Everyone likes getting a little something for free. Cajuns call it a lagniappe. Chefs call it a baker’s dozen. Marketers call it a bonus.
Whatever term you use, the fact remains that we all appreciate an add-on – especially when you’re spending no small sum. That’s why added value is at the heart of STRONG’s media-buying process.
Last year, we negotiated nearly $9.4 million in free advertising for our clients. How did we do it? The answer is Value Buying.
Added Value Required
As a principle, all media buys we negotiate for clients include a minimum percentage of added value right off the bat. For example, if a client has the budget for 100 TV spots and we negotiate 20 percent added value, they’re really getting 120 spots’ worth of advertising. In many instances, we exceed this number.
We’re able to calculate exact added value totals thanks to our affinity for media spreadsheets. In addition to tracking buys and ensuring the right ad runs at the right time, we also keep a close eye on the added value we have negotiated. There are plenty of agencies who tout added value, but you’ll be hard-pressed to find one that tracks and enforces it the way STRONG does.
Another thing that’s different about our added value is who’s watching it. It’s par for the course to receive a no-charge spot at 2 a.m., but how effective will that be if everyone is asleep? Our policy requires that all added value be shown during primetime hours – or we don’t count it.
Errors Hurt Stations, Help Clients
Mistakes happen, but it’s important to avoid them as much as possible. If a dealer’s TV spot runs with the wrong copy, that’s costing the dealership sales.
As part of Value Buying, STRONG’s media team requires a credit along with a makegood three times the original value of the incorrect ad. Doing so guarantees that the client will make up for lost sales. But it also sends a clear message that we are monitoring traffic and media schedules for errors, encouraging stations to keep a close eye on our clients’ spots.
The additional exposure certainly helps clients. But our goal is to avoid errors in the first place, not to simply profit from them. By encouraging vigilance, our partnerships with stations are more efficient, meaning higher sales and lower costs for everyone.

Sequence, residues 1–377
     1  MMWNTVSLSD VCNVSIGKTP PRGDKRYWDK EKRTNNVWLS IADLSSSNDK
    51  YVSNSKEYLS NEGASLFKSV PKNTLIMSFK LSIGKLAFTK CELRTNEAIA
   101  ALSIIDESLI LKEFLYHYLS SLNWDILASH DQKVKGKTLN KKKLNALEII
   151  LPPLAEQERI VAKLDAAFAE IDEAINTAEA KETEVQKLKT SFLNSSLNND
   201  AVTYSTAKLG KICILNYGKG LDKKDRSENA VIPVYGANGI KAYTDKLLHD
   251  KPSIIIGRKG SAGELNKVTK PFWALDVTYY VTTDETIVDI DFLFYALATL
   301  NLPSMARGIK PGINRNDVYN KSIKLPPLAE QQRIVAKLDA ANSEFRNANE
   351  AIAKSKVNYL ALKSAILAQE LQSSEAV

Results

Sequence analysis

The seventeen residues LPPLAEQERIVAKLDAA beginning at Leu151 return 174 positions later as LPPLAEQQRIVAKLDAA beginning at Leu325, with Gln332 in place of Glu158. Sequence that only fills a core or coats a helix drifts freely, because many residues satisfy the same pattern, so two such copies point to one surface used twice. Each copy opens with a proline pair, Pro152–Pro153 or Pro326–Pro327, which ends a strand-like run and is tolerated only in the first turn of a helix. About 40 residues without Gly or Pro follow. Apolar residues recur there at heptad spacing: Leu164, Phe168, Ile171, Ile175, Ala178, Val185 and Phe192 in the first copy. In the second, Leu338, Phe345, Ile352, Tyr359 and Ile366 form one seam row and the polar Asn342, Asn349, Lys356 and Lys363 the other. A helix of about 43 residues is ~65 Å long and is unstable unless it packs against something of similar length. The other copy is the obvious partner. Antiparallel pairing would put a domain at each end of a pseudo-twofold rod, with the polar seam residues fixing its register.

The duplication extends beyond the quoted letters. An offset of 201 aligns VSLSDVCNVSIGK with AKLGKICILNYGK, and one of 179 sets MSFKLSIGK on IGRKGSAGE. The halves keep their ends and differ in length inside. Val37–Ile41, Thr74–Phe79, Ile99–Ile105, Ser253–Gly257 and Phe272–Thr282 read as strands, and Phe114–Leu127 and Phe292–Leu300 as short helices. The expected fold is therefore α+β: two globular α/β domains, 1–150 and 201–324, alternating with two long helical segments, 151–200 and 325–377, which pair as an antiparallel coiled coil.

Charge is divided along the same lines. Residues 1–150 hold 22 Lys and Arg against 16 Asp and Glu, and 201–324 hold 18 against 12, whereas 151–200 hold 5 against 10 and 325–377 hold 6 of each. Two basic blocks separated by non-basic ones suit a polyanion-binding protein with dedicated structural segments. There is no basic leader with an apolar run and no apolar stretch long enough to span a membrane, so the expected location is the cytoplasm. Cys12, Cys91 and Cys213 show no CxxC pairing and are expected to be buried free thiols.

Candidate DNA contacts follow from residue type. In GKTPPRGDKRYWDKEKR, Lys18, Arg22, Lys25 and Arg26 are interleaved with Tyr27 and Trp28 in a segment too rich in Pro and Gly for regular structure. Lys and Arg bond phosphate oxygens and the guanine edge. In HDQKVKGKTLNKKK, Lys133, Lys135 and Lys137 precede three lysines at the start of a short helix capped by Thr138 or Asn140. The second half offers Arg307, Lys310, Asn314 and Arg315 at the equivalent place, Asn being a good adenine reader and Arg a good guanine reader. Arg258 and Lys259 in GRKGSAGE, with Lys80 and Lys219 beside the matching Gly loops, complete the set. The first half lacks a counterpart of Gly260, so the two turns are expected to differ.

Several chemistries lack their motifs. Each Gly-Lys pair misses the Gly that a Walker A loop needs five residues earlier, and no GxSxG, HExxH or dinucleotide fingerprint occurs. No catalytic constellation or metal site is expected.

Relations with Stations
You may be wondering what stations think about all of these requirements. It’s true that media reps are often taken aback when STRONG first enters a market and explains the Value Buying process. However, we see the relationship with stations as a two-way street.
Our media team is honest and upfront from the beginning, describing to stations how we handle added value and makegoods. We believe our practices are fair, and we treat vendors as our allies and friends. Together, we work with media reps to increase their advertising revenue while increasing our clients’ ROI.
Value Buying and the Future
The way people view TV is evolving. Along with traditional television, streaming and over-the-top television (OTT) services are steadily gaining viewership. How will these services, such as Hulu and on-demand video, tie into the Value Buying process?
“We envision streaming services as having good potential for added value,” said Sheila Grandy, Sr. VP of Advertising Services. “We will have to work with reps to determine how to give our clients the added value we guarantee on these platforms.”
Even now, reps and buyers have to get creative. As we enter an election year, no-charge spots are harder to come by. Instead, stations may negotiate longer spots or better placement to still provide the added value STRONG promises its clients.
If Value Buying sounds like a good deal, then you ought to hear what others have to say about it. In the video below, clients share their experience with the STRONG media team.
John Paul Strong
John Paul Strong combines his two decades of automotive marketing experience with a team of more than 140 professionals as owner and CEO of Strong Automotive Merchandising.
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